3294. Robert Southey to Wade Browne, 14 May 1819*
Keswick. 14 May. 1819.
My dear Sir
You will wonder at seeing my letter dated from home, at a time when I hoped to have been thinking of leaving London on the way to Ludlow. My movements however are only delayed, & the main cause of delay is, I trust, removed. – I have had a long train of anxieties since Mrs Brownes kind letter arrived. Mrs S. at the time when she should in the ordinary course of things have been recovering,  was seized with a succession of maladies, one after another, some of them of a very distressing & alarming kind, – by which she was confined more than four weeks to her bed, & nearly ten weeks to her room. Nor was it till the day before yesterday that she & the child (who has had a serious illness also) were well enough to be taken to church.  It will be yet some time before she recovers her strength, but the season is favourable, & I hope & believe there is nothing now to apprehend.
During this long interval I have frequently been under too much anxiety to sit calmly at my desk, & thus have lost time when I could ill afford to lose it. The consequence is that I shall be going for London just when instinct would induce every man, woman, & child to get out of it, if they had it in their power. My history of Brazil has grown tremendously under my hands. After having done so much, the desire of leaving nothing undone induced me to wind up the work with a view of the state of the country, as compleat as I could make it, at the time when the history concludes, which is with the removal of the Court thither in 1808.  Perhaps if I had properly estimated the extent of this concluding Chapter I should have been tempted to make some excuse to myself for omitting it, in full assurance that no one would have had reason to complain of the book as being imperfect without it. It will however add as much to its value as to its bulk. But it will take me a month longer before I am fairly thro the press with it, – & this I fear will make it August before I can reach Ludlow, on my homeward journey.
You will be glad to hear that Hartley has gained a fellowship at Oriel, – a great instance of good fortune, & a fair proof of good desert. Thus early is his comfortable provision for life secured, & the door open to situations of honour & emolument.  Derwent I believe will be going to the University after Christmas, but whether to Oxford or Cambridge is as yet undetermined.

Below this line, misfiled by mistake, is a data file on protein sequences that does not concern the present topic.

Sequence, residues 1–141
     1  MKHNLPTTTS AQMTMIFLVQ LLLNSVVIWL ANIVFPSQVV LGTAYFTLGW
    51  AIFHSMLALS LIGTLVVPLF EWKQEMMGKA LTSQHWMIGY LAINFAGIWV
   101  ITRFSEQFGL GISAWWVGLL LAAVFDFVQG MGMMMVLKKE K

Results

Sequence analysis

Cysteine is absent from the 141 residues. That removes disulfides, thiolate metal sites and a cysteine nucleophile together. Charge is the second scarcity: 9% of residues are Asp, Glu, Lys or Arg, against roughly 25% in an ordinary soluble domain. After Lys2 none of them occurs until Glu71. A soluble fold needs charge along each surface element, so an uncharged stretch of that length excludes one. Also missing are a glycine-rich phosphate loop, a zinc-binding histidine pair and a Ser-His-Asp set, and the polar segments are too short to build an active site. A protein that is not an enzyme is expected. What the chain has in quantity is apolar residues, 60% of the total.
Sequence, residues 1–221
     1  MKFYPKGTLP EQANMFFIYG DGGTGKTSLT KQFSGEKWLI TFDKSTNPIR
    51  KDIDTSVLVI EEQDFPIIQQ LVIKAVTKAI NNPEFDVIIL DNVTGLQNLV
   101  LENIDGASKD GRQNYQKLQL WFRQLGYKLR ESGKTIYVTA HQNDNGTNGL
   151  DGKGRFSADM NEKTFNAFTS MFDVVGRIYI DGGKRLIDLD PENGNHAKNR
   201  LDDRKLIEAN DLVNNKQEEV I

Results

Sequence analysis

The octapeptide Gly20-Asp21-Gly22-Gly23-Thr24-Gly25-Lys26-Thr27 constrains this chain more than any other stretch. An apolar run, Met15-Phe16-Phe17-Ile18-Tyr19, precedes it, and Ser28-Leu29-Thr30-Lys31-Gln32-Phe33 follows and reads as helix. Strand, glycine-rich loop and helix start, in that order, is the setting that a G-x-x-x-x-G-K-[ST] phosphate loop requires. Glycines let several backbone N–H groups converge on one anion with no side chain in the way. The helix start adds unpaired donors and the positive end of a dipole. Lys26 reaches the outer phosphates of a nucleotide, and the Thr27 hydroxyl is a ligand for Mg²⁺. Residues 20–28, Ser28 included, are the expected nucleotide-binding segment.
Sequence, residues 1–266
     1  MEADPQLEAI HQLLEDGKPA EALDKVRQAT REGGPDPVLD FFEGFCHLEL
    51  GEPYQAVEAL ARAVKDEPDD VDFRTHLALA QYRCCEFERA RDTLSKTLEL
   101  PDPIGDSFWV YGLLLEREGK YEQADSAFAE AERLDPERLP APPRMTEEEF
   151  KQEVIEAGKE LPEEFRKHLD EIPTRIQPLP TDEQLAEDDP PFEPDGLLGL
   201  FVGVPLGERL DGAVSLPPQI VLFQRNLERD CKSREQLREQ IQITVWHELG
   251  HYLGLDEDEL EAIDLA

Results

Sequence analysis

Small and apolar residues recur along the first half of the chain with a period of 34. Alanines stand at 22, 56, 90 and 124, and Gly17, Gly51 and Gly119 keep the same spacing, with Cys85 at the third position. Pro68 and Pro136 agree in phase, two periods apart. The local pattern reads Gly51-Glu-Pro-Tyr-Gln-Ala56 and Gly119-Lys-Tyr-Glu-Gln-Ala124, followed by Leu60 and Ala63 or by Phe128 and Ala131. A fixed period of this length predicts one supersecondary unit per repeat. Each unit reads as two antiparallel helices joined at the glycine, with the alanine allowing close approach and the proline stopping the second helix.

Mrs Browne is very kind in repeating her invitation to Edith & Edith I trust will one day have great pleasure in accepting it. But I must travel alone now, – & I believe she imagines that she could not be spared from home, now there is a baby in the house. Poor little Cuthbert is I assure you in some danger of being pulled to pieces by his sisters  in their outrageous fondness. He is perpetually reminding me of Gulliver in the arms of the monkey. 
My brother the Captain is now quietly settled in Newlands, very much pleased with his removal from the bleak east winds, & the no-neighbourhood of his last place of abode, – three miles from Brough. Compared to that situation Newlands is in a polished part of the world, & Keswick a place where every thing may be had that can be wanted. From <At> Warcop they were literally unable to get a wash-hands bason at any place nearer than Penrith, – which was nineteen miles off! And yet (it is a curious fact) that every fellow <there> was a coiner, till the new silver was issued;  – honest coiners, however, in comparison with the Birmingham artists, for their business practise was to make silver sixpences by hammering them out of old spoons!
& believe me my dear Sir
Yrs very truly
 Southey was completing the third and final volume of his History of Brazil and the final chapter occupied more space and time than he had originally envisaged; see History of Brazil, 3 vols (London, 1810–1819), III, pp. 696–879. It was not finished until ‘June 23rd, 1819’ (p. 879). The book did not proceed chronologically beyond the flight of the Portuguese court to Brazil in 1807–1808. BACK
 Hartley Coleridge had been elected to a Probationary Fellowship at Oriel College, Oxford, on 16 April 1819. Southey’s hopes for his future were to be proved wrong, as Hartley lost his post at the end of the probationary year on grounds of intemperance. BACK
 There had been a serious shortage of silver coins until the Coinage Act (1816) had authorised a new issue, the first minted since 1787. To discourage people from melting them down, and thus producing another shortage, the coins contained less than their face value in silver. Birmingham, the centre of the ironmongery trade, was notorious for the number of forged coins it produced, including imitations of silver made from base metals. Coining also had a long history in Westmorland, though, going back to the seventeenth century . BACK